Beirut, June 27, 2007 — IFC, the
private sector arm of the World Bank Group, today signed two agreements
with the Bank of Beirut and Credit Libanais as part of its overall strategy
to extend financing to banking intermediaries, helping the private sector
and small and medium enterprises recover from the recent conflict in Lebanon.
IFC’s risk-sharing facility of up to
$25 million will help the Bank of Beirut increase access to finance for
the private sector, particularly for smaller businesses. A 15 million credit
line investment in Credit Libanais, one of the country’s largest banks,
will help the bank reach more people through diverse services. Through
the agreements, IFC will help provide term funding to private sector enterprises
that are recovering from the conflict.
“With the economic challenges in Lebanon,
private banks may reduce their loan exposures at the expense of small and
medium enterprises, which could lead to job loss and an increase in the
poverty rate. IFC’s investment will help increase financing to SMEs,
an important engine of growth and job creation,” said Michael Essex, IFC
Director for Middle East and North Africa.
Strengthening Lebanon’s private sector
is a key priority for IFC. The Corporation is channeling up to $200 million
through banks to increase access to finance for private sector companies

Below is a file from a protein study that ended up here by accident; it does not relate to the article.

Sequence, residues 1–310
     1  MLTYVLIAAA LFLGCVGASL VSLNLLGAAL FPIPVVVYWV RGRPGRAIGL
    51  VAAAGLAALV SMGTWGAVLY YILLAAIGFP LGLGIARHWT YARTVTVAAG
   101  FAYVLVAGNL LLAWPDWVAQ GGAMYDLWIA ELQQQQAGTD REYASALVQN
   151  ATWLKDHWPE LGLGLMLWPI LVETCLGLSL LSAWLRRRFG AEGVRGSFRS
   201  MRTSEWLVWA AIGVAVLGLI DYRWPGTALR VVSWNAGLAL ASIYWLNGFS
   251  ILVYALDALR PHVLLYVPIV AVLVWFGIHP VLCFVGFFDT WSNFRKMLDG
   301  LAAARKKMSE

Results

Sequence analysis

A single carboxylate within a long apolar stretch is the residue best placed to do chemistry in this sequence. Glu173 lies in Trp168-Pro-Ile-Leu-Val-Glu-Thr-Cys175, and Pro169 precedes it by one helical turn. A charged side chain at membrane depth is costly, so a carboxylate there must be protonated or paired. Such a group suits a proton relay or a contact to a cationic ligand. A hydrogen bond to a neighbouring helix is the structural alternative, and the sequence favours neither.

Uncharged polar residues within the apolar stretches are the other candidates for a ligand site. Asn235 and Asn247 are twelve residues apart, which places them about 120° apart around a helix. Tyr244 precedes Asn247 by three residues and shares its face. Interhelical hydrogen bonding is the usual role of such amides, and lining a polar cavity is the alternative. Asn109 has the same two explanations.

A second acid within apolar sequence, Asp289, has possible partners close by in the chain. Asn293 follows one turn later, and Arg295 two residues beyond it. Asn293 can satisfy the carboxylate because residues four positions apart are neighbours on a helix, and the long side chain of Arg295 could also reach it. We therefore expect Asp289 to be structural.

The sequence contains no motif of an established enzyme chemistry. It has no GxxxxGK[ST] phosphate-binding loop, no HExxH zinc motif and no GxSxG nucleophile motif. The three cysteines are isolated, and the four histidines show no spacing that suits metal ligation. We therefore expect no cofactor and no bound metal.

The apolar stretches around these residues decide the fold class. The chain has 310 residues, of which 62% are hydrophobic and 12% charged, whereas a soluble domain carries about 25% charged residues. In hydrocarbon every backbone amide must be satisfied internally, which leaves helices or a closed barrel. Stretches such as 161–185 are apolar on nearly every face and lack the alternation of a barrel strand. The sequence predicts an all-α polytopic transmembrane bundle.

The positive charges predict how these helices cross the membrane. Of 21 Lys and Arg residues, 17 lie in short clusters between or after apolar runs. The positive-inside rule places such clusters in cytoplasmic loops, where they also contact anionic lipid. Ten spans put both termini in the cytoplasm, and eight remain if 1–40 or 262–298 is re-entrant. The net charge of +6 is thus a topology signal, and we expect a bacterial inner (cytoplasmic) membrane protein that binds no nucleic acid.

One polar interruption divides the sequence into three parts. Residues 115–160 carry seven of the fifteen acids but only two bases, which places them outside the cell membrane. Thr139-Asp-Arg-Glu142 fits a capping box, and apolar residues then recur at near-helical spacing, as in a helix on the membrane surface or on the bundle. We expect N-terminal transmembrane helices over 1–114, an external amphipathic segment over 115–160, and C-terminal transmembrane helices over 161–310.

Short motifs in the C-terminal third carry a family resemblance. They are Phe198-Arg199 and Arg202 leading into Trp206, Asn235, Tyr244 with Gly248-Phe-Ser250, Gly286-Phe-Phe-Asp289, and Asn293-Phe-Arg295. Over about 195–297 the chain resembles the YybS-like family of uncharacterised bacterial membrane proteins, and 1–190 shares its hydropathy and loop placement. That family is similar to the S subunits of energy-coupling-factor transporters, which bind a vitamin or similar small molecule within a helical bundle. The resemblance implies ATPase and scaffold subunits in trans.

and individuals who are affected by the conflict. On a recent visit to
Lebanon, Lars Thunell, IFC’s Executive Vice President and CEO, signed
agreements to provide financing to Blom Bank and Fransabank. He also signed
an advisory services package to scale up Kafalat, a local company
whose guarantees help smaller businesses obtain commercial bank loans.
IFC, the private sector arm of the World
Bank Group, promotes open and competitive markets in developing countries.
IFC supports sustainable private sector companies and other partners
in generating productive jobs and delivering basic services, so that people
have opportunities to escape poverty and improve their lives. Through FY06,
IFC Financial Products has committed more than $56 billion in funding for
private sector investments and mobilized an additional $25 billion in syndications
for 3,531 companies in 140 developing countries. IFC Advisory Services
and donor partners have provided more than $1 billion in program support
to build small enterprises, to accelerate private participation in infrastructure,
to improve the business enabling environment, to increase access to finance,
and to strengthen environmental and social sustainability. For more information,
please visit www.ifc.org.